Applied Mathematics Seminars Autumn 2008

All seminars (unless otherwise stated) will take place on Mondays at 3.00 pm in Room 500 which is located on the 5th floor of the Mathematics Department. See Where to Find Us for further details. There will be tea afterwards in room 606.

If you require any more information on the Applied seminars please contact Professor Yaroslav Kurylev e-mail: y.kurylev AT ucl.ac.uk or tel: 020-7679-7896.

13 October 2008

Professor John Maddocks- Swiss Federal Institute of Technology

Stokes Flows, Rigid Bodies, and Ideal Knot Shapes

10 November 2008

Professor N. Sandham - University of Southampton 

Transitional Separation Bubbles and Unsteady Aspects of Aerofoil Stall


Recent interest in aerofoil design for low speed applications (e.g. micro and small unmanned air vehicles) has led to renewed interest in laminar separation bubbles. This talk will review results from recent direct numerical simulations of flow over a NACA 0012 aerofoil section at a Reynolds number of 50,000. The laminar separation bubble on the aerofoil is observed to undergo a self-sustained transition to turbulence i.e. transition that persists even in the absence of upstream disturbances. The addition of forcing is found to decrease the bubble length and reduce the drag coefficient by 18%. Based on the simulation results, an unsteady viscous-inviscid interaction method, coupling integral boundary-layer methods with a potential flow solution based on panel methods, is developed to study separation bubble behaviour near stall. The method is capable of predicting large-amplitude low-Strouhal number oscillations as seen in recent experiments. Above a critical incidence the reattachment point can no longer be held and the flow develops a limit cycle behaviour in which bubble growth leads to fully stalled flow followed by a reformation of the bubble.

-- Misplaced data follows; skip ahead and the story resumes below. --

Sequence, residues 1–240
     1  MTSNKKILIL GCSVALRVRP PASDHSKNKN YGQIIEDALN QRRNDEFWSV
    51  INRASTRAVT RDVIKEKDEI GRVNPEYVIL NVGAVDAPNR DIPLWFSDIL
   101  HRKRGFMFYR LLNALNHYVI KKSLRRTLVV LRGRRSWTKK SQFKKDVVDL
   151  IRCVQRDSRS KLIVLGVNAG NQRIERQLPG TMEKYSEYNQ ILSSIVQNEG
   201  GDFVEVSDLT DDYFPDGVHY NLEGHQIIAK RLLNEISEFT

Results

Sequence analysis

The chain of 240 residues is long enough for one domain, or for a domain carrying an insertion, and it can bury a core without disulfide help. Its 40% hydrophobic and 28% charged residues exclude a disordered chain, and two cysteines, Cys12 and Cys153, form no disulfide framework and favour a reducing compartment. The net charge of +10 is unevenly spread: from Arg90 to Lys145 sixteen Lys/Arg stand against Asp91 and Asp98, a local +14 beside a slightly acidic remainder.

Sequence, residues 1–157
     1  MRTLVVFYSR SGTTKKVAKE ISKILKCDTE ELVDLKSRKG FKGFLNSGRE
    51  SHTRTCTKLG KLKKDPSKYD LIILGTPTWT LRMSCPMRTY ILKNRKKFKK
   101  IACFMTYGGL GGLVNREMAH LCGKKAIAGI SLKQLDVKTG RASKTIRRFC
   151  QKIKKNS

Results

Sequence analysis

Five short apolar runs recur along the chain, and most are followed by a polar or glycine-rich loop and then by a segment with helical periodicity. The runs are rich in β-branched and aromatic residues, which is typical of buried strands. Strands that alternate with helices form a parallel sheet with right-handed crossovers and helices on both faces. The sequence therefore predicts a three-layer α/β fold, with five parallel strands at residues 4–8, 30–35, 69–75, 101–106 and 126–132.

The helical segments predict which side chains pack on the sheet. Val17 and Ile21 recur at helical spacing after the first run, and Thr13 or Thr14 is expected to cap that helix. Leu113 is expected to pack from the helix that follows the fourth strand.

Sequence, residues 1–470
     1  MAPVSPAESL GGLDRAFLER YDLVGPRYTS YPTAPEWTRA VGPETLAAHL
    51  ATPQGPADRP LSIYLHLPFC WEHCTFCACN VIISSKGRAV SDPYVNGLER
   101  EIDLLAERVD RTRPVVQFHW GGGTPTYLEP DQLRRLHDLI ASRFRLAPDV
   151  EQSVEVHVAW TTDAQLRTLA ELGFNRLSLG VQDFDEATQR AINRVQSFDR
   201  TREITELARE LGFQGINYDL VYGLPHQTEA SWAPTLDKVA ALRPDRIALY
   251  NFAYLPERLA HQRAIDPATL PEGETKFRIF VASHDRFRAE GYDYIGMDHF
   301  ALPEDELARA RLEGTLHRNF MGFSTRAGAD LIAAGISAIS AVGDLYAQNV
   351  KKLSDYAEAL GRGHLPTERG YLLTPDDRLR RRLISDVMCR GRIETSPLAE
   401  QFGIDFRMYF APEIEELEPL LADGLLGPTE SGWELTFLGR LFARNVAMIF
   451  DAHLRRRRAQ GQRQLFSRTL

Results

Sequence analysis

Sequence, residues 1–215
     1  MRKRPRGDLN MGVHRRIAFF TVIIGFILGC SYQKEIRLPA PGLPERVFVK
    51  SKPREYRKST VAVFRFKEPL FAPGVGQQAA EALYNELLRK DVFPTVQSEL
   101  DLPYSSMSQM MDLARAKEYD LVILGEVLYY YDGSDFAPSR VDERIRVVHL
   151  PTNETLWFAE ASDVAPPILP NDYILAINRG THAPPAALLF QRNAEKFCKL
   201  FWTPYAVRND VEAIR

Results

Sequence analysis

17 November 2008

Dr I Marshall - Loughborough University 

Hidden Poisson structures in the Schrodinger equation

24 November 2008

Professor Y. Shikhmurzaev - University of Birmingham

Capillary flows with forming interfaces


A variety of free-surface flows will be considered where the "golden standard" of fluid mechanics, i.e. the Navier-Stokes equations together with classical boundary conditions, manifestly fails to produce physically meaningful results (and sometimes any results). We will show that paradoxes inherent in the mathematical modelling of seemingly very different flows come from a common root: the fact that the "golden standard" presumes that the interfaces, where boundary conditions for the Navier-Stokes equations have to be formulated, have already formed, whereas in the flows in question it is the process of interface formation that determines key features of the flow. The simplest mathematical model addressing the issue will be outlined. Some unresolved problems in the area of capillary flows will also be discussed.

01 December 2008

Professor A. S. Fokas - University of Cambridge 

Generalized Forier Transform, Inverse Problems and Integrability in 4+2


Three different types of generalized Fourier transforms will be discussed, which appear in the following: (a) The medical imaging technique called Single Photon Emission Computerized Tomography (SPECT). (b) The solution of the Cauchy problem of integrable nonlinear evolution PDEs in 4+2, i.e. in four spatial and two temporal dimensions. (c) The characterization of the generalized Dirichlet to Neumann map for integrable nonlinear evolution PDEs in 1+1, i.e. in one spatial and one temporal dimensions.

08 December 2008

Professor L. Harra - UCL 

The impact of the Sun on the Earth - a view from the Hinode space mission


The Japanese/US/UK Hinode space mission was launched in September 2006. Its purpose is to explore and quantify solar activity that impacts us on Earth. This includes understanding the source of the solar wind that is transported throughout the solar system and the trigger of large explosions on the Sun (known as solar flares) and associated coronal mass ejections.